Rerun the entire baseline test suite on a delta version

 Just run all existing tests

 Safe reduction evaluation
        Inclusiveness: All baseline tests are selected; => is safe
        Precision: No tests that could be skipped are skipped; => the least precise
        Efficiency: Lowest cost of analysis and setup. Highest run cost
        Generality: Can always be applied. Easy to set up, no analysis or special development
        is necessary




Dr. Beat Fluri © 2009                                                                           133
Retest Risky Use Cases
 Use risk-based heuristics to select a partial regression test suite.
 Run this subset on a delta version

 Suspicious use cases: Select use cases that depend on components
 that
        are individually unstable or unproven
        have not been shown to work together before
        implement complex business rules
        have a complex implementation
        were subject to high churn during development (many changes spread all over the
        system)




Dr. Beat Fluri © 2009                                                                     134
Retest Risky Use Cases
 Critical use cases: Select tests for use cases that are necessary for
 safe, effective operation

 Safe reduction evaluation
        Inclusiveness: Unsafe; test cases are not selected by analysis of dependencies
        Precision: Some tests that could be skipped may be repeated
        Efficiency: Setup cost are low: no code analysis is necessary; run cost may be high
        Generality: Can always be applied. Easy to set up, no analysis or special development
        is necessary




Dr. Beat Fluri © 2009                                                                           135
Retest Changed Code
 Use code change analysis to select a partial regression test suite.
 Run this subset on a delta version

 Procedure
        1. Use Cobertura to check which test case cover which source code parts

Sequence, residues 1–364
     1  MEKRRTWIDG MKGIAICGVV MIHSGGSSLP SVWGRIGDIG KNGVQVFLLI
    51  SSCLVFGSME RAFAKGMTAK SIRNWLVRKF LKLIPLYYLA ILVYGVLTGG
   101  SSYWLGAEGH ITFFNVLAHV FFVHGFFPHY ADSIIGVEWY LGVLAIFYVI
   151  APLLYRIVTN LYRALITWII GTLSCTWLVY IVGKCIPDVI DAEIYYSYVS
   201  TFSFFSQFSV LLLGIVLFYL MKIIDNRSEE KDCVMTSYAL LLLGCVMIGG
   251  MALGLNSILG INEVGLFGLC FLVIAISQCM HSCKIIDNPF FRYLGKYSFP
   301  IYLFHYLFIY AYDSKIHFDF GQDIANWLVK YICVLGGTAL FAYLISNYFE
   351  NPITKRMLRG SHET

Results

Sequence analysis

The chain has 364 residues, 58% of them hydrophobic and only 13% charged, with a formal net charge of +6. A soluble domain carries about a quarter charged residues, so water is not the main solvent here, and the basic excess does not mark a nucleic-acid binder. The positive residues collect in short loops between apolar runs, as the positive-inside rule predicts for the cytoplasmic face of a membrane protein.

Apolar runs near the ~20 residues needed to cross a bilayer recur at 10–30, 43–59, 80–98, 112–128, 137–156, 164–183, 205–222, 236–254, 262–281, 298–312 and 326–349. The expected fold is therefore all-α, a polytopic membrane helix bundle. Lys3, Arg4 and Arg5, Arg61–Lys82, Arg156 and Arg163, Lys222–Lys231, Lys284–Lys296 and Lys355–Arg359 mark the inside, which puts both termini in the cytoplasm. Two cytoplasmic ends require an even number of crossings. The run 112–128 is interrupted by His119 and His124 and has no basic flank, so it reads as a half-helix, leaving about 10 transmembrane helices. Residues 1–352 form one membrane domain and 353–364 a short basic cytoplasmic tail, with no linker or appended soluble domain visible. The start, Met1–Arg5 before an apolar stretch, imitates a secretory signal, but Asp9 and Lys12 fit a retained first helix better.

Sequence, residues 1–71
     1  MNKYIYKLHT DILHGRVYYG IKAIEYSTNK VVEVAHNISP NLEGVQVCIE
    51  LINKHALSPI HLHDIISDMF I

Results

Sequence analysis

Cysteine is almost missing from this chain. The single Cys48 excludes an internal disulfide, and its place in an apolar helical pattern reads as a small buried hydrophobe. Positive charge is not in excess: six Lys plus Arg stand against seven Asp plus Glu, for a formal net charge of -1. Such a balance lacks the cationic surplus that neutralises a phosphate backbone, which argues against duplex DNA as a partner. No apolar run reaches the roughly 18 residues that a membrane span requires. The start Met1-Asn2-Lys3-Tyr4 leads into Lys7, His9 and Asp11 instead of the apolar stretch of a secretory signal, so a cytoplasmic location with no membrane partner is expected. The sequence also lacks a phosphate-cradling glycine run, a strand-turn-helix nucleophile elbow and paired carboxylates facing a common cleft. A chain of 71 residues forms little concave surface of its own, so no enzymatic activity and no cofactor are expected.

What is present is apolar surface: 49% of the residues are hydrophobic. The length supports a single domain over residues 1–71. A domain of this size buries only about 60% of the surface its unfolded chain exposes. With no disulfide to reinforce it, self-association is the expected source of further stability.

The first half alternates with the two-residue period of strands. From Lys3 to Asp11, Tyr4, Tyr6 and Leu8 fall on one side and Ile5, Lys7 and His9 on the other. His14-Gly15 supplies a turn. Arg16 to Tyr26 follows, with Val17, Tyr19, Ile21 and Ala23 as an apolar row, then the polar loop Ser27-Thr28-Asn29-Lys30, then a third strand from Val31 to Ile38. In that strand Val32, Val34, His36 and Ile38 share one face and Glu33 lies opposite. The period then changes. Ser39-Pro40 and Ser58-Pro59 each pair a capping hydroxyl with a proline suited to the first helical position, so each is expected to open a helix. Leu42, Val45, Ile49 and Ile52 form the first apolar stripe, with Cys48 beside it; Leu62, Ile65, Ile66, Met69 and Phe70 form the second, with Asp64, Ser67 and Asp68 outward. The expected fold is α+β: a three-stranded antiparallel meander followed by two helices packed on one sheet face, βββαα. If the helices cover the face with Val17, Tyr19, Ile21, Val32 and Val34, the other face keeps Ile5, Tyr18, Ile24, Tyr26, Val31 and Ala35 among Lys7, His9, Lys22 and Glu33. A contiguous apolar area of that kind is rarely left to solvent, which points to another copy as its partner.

2. Use CVS/SVN diff information to see which source code parts changed
        3. Rerun test cases that cover deleted or changed source code parts




Dr. Beat Fluri © 2009                                                             136
Retest Changed Code
 Safe reduction evaluation
        Inclusiveness: All baseline test cases that can produce a different result are selected;
        => is safe
        Precision: Most precise of the white box regression test strategies
        Efficiency: If test case selection can be automated, the setup cost is low; in worst case
        (all baseline test case have to be selected) the total cost of this pattern can be higher
        than Retest All pattern
        Generality: Class scope; => analysis knowledge and special development is necessary




Dr. Beat Fluri © 2009                                                                               137
Regression Testing and CI
 Recommendation: make a separate Maven module and Hudson
 job

 Retest all
        Copy all existing tests to the regression-testing module


 Retest risky use cases
        Create a test suite with the risky use cases and configure maven


 Retest changed code
        Write a script...




Dr. Beat Fluri © 2009                                                     138
Demo
uDoo Regression Tests
CI Tools
Hudson Plugins
 Besides automated build and test Hudson offers a wealth of
 plugins
        Source code management, build triggers, build notifiers, build tools, build wrappers,
        build reports, Maven, etc.
        http://wiki.hudson-ci.org/display/HUDSON/Plugins


 Build report plugins for QA
        Checkstyle
        Cobertura (already shown)
        FindBugs
        PMD




Dr. Beat Fluri © 2009                                                                          141
Checkstyle
 “Checkstyle is a development tool to help programmers write Java
 code that adheres to a coding standard. It automates the process
 of checking Java code to spare humans of this boring (but
 important) task. This makes it ideal for projects that want to
 enforce a coding standard.”

 http://checkstyle.sourceforge.net/

 Maven plugin
        http://maven.apache.org/plugins/maven-checkstyle-plugin/


 Configure via XML or wizard in Eclipse
        http://eclipse-cs.sourceforge.net/




Dr. Beat Fluri © 2009                                              142
FindBugs
 “[FindBugs] a program which uses static analysis to look for bugs
 in Java code.”

 http://findbugs.sourceforge.net/

 Over 350 bug patterns
        http://findbugs.sourceforge.net/bugDescriptions.html


 Maven plugin
        http://mojo.codehaus.org/findbugs-maven-plugin/2.0.1/




Dr. Beat Fluri © 2009                                                143
PMD
 PMD scans Java source code and looks for potential problems like:
        Possible bugs - empty try/catch/finally/switch statements
        Dead code - unused local variables, parameters and private methods
        Suboptimal code - wasteful String/StringBuffer usage
        Overcomplicated expressions - unnecessary if statements, for loops that could be
        while loops
        Duplicate code - copied/pasted code means copied/pasted bugs


 http://pmd.sourceforge.net/

 Over 280 rules